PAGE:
Southern Bhutan Problem

Bhutan is has the dubious distinction of being one of the world’s highest per capita generator of refugees as one sixth of its citizens live in exile. This was the result of the government’s planned policy for ethnic cleansing, on a pretext that southern Bhutanese raised their voices for equality and justice. Since 1990, over 106,000 Lhotsampas (Ethnic Nepalis form southern Bhutan) are made refugees after being forcibly evicted, forced to flee persecution and repression, or expelled after being coerced into signing ‘voluntary emigration forms’ (VMF).

King was both the Head of State and Head of Government until 1998 when much of the powers have been transferred to a Council of Ministers he nominated. The country plans for constitutional monarchy with two-party system after 2008 holding the election for this first time in country’s history.

The roots of the political crisis in southern Bhutan lie in the rulers’ concern who perceived that the population in the south is growing. The rulers perceived threat from the democratic movement across the globe and in Nepal and the Gorkhaland movement in India in 1980s. Indirectly, the Indian government played the major role in evicting the Bhutanese of Nepali origin. The statement given by Indian foreign minister Pranav Mukherjee in early June after the west Bengal government urged the union government to look after the Bhutanese refugee issue, proves the linkage of India’s involvement in eviction of the southern Bhutanese. Mukherjee had said, repatriation of the over 100,000 Bhutanese refugees would create demographic imbalance in Bhutan.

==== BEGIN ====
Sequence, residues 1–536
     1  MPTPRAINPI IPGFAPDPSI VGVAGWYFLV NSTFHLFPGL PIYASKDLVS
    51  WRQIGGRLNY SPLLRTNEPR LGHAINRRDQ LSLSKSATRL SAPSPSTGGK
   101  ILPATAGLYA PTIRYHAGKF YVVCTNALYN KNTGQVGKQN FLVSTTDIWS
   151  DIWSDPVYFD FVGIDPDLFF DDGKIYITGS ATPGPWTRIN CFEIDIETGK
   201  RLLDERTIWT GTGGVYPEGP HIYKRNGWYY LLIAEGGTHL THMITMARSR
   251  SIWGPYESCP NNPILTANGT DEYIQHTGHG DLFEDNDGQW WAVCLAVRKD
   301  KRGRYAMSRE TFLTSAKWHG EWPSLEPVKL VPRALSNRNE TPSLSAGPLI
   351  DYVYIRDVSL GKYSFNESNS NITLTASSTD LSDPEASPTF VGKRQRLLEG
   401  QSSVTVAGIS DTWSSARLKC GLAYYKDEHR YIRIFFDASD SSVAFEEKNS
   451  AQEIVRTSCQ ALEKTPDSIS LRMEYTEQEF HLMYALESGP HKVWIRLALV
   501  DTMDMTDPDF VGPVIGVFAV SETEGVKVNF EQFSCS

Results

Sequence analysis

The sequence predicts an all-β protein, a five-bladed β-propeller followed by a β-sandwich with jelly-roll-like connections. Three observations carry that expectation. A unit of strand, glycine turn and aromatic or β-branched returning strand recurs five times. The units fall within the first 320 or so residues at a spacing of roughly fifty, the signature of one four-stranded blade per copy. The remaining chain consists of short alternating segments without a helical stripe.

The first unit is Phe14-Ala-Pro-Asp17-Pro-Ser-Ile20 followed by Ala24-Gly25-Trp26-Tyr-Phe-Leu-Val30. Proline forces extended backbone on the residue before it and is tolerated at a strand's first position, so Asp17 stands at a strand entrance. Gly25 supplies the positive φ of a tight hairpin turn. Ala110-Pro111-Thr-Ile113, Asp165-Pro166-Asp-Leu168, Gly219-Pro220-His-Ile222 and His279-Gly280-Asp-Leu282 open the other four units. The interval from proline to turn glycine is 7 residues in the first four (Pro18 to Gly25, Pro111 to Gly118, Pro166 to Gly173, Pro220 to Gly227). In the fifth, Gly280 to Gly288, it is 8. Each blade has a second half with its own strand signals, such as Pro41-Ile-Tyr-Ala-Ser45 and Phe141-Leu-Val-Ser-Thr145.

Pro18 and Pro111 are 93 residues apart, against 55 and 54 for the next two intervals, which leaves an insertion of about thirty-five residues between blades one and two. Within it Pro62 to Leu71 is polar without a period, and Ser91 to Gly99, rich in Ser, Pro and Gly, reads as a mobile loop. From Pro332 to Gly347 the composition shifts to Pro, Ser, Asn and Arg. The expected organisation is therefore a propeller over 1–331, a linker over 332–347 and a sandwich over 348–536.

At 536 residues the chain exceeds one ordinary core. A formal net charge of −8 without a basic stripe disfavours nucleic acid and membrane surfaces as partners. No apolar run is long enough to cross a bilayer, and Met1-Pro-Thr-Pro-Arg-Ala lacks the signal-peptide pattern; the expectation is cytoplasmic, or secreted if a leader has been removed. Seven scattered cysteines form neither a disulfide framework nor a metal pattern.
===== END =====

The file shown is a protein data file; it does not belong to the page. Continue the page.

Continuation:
The amendment of the citizenship law 1958 in 1985 paved a clear way out for the eviction and according to this law the southern Bhutanese need to produce the documents proving they resided in Bhutanese since before 1958.

In 1988 the government began taking a census in southern Bhutan based on the 1985 Act. It was not made easy by officials who demanded tax receipts for exactly the year 1958, not even ones issued earlier would do ostensibly because that might imply the person may have left the country before 1958 and returned only after the cut-off year. Older people recall that the government did not issue any tax receipt in 1958.

Similarly, the Marriage Act of 1977 prescribed that only children born of Bhutanese fathers, not either spouse as before, would be considered Bhutanese citizens. The 1985 Citizenship Act tightened this requirement further and required both parents to be Bhutanese for citizenship by birth.

The submission of a petition by Royal Advisor Councillors Tek Nath Rizal and B. P. Bhandari in April 1988 urging for review of the census was termed an act of treason. Youth in schools, colleges and villages became agitated and began to express dissent. The ‘One Nation, One People’ policy was adopted stringently with a uniform compulsory dress code and dropping of the Nepali language from the school curriculum. A green-belt plan was unveiled that threatened to make a third of all southern Bhutanese homeless. When the people reacted by rising up in mass protests all over southern Bhutan, the government began a massive crackdown. Thousands were arrested and among them hundreds detained for years without trial.

The government carried out a second round of census in southern Bhutan in 2001 and formally announced another 80,000 Lhotsampas as illegal immigrants. The Human Rights Watch has expressed concern that these people would be expelled from their country at any time, in any pretext.